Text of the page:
Presentation on theme: "Early American Literature The Age of Reason. Timeline overview of American Literary Movements Early American Literature overview and timeline "— Presentation transcript:
Early American Literature The Age of Reason
Timeline overview of American Literary Movements Early American Literature overview and timeline Emphasis on The Age of Reason, beginning with the historic context of the Enlightenment. Writing style, major themes, methods of interpretation and author’s intent of Enlightenment works Notable writers of the Enlightenment and their works Outcomes of the lesson
The name Age of Reason suggests what about the previous age? Compare and contrast how the Age of Reason Literature may differ or expand upon the literature of the Puritan era. Prior Knowledge Inquiry
Point of View Inquiry Knowing that Thomas Paine wrote Common Sense to draw criticism to the means and ends of the British empire within the colonies, what do you think his intentions were with his other book, The Age of Reason: Being An Investigation of True and Fabulous Theology ? How do you think Paine’s perspective on religion and religious writings relates and differs to that of the Puritan?
This work was published in three-parts in 1794, 1795 and It challenged institutionalized religion and the legitimacy of the Bible as a revealed or divinely inspired text. It was a foundational piece of deistic thought, which was based on reason and experience. Deism promoted observation of the natural world and argued for the existence of a God of Creation, rather than a God of absolute authority. Point of View Inquiry Age of Reason by Thomas Paine, published in 1794, 1795, and 1807.
Present Literary Movements Puritan Era Age of Reason Romanticism Transcendentalism Realism Modernism Contemporary and Post- Modernism
Early American Literature Puritan Era Age of Reason/ Enlightenment Transcendentalism Romanticism
Age of Reason Literature 1600 – 1800 in Europe 1770s – 1800 in America
Age of Reason Timeline Montes quieu ( ) “separat ion of powers” (above) Francis Bacon ( ) scientific method Benjamin Franklin ( ) Constitutional Conventions Thomas Paine ( ) Common Sense Patrick Henry ( ) “Give me liberty, or give me death.” John Locke ( ) “unalienable rights” Rousseau “democratic rule” Voltaire ( ) used satire to insult the state (above) Rene Descartes ( ) Father of Rationalism Isaac Newton ( ) empirical research
Historic Enlightenment Timeline Why was the Age of Reason Sparked Now? Many innovations, in the areas of science and technology, along with theories of government and economics, led people to question whether man should be free to determine his own destiny, rather than an authority such as a king or a church.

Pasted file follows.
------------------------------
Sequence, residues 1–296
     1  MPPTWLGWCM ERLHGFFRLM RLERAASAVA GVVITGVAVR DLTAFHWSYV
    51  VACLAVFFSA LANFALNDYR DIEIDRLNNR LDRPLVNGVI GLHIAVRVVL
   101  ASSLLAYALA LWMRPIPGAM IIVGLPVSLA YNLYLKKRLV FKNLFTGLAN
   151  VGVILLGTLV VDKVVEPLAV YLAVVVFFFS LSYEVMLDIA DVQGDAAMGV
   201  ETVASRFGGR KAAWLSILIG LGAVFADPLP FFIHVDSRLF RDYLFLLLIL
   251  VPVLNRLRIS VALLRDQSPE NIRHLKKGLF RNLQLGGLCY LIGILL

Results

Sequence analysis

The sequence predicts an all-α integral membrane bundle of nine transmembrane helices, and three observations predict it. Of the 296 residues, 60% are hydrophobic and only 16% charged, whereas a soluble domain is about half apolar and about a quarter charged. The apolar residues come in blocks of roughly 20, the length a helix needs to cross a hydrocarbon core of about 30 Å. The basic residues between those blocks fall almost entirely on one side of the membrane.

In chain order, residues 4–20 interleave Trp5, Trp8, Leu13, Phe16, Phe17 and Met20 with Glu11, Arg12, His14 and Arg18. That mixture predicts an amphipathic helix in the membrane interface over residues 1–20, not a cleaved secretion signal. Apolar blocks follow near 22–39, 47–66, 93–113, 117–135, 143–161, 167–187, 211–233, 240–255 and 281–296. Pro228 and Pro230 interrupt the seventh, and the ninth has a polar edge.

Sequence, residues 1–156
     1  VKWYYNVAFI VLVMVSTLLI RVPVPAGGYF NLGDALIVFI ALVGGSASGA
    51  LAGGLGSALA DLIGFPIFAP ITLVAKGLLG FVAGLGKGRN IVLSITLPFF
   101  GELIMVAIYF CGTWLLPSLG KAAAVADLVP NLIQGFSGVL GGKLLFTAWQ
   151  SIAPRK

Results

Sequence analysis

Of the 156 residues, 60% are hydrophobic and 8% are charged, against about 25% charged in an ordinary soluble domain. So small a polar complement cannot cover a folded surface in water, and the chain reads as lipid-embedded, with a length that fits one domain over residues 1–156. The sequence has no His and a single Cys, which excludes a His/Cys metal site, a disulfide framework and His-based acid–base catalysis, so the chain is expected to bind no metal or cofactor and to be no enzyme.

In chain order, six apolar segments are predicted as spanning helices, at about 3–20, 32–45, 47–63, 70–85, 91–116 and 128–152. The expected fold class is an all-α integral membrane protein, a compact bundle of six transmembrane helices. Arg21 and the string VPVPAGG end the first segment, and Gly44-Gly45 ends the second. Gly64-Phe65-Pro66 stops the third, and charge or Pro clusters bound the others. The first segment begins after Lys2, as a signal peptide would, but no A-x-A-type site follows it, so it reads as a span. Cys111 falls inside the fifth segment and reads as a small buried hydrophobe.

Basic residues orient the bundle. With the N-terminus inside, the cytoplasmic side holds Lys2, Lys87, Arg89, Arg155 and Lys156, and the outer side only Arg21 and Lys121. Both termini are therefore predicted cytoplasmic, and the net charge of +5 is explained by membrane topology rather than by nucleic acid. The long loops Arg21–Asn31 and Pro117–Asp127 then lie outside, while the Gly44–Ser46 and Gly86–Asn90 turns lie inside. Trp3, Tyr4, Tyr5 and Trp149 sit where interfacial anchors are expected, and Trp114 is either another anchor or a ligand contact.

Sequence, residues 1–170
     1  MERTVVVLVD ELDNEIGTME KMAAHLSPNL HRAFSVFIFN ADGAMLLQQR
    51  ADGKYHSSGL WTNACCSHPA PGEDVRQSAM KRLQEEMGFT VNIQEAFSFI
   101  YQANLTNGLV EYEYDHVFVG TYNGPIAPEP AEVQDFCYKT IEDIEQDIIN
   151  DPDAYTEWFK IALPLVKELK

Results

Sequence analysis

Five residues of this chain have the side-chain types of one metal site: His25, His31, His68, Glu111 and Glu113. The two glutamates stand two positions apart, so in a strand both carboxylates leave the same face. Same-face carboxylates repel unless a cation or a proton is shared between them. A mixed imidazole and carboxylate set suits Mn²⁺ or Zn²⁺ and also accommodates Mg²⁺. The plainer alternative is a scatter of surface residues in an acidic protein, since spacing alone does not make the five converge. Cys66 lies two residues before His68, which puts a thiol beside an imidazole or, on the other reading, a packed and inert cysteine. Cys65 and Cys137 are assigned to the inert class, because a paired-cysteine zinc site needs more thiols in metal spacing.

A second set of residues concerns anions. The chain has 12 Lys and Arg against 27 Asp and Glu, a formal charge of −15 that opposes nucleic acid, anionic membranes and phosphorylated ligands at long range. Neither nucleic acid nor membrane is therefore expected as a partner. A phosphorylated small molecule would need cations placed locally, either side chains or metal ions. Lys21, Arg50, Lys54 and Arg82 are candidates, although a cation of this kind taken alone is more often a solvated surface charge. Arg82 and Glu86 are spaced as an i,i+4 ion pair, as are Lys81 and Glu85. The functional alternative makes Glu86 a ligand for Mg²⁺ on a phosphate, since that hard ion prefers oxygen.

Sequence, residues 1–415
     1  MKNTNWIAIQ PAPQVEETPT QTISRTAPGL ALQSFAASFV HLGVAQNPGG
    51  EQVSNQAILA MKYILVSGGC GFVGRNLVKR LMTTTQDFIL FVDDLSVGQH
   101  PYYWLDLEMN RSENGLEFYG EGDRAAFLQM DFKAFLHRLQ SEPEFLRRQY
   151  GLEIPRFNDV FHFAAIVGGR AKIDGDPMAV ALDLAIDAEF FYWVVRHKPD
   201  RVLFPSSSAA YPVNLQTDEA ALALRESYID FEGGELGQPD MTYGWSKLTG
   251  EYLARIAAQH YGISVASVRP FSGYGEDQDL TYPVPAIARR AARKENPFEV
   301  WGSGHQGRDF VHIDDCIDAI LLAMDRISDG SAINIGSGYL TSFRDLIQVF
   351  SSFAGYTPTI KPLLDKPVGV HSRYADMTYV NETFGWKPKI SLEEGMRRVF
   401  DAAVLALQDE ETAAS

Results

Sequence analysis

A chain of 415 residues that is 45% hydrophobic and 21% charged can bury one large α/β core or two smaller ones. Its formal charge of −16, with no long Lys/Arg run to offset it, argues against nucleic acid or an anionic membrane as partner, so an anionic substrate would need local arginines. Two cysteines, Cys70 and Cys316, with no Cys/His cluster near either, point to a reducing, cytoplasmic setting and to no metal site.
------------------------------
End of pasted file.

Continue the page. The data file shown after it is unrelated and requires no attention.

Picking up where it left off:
american-enlightenment-intellectual-and-social- revolution.html History of the American Enlightenment Historic Context of the American Enlightenment
The Age of Reason era, is the body of literature given birth through the Enlightenment. Therefore, this movement goes by both names, The Age of Reason, or The Enlightenment literature. The Age of Reason emphasized reason and logic over religious and political orders that reinstated hierarchy and authoritarianism, without question or criticism. The Age of Reason encouraged new ideas, and demanded questioning and criticism from the common people. Introduction to the Age of Reason
The Age of Enlightenment (or Age of Reason) was a cultural movement of intellectuals beginning in the late 17th and 18th century Europe emphasizing reason and individualism rather than tradition. Its purpose was to reform society using reason, and thus, challenge ideas grounded in tradition, faith and superstition. It advanced knowledge through the scientific method, promoted scientific thought, skepticism, intellectual interchange, and logical argument. It opposed superstition and intolerance, and the Catholic church was a favorite target of its criticism. The ideas of the Enlightenment have had a long-term and major impact on the culture, politics, and governments of the Western world. The Age of Reason principles were applied to the political birth of the United States of America. American Enlightenment
The Age of Reason was a confluence of ideas and activities throughout the 18 th century in Western Europe, England and the American colonies. Scientific rationalism exemplified by the scientific method, was the hallmark of Enlightenment thought. Industrial developments providing a better quality of life, and philosophic insights insisting on the dignity and equality of all people were primary precepts. The Church was widely criticized for stymieing the forward march of reason, and for acting beyond its earthly bound authority. For the first time in written history, political and religious leadership was weakened enough for citizens to voice their true concerns. Criticism of institutional fallacies and abuses became the focus of the agenda, and argument was the new mode of conversation and writing. Historical Context of the Age of Reason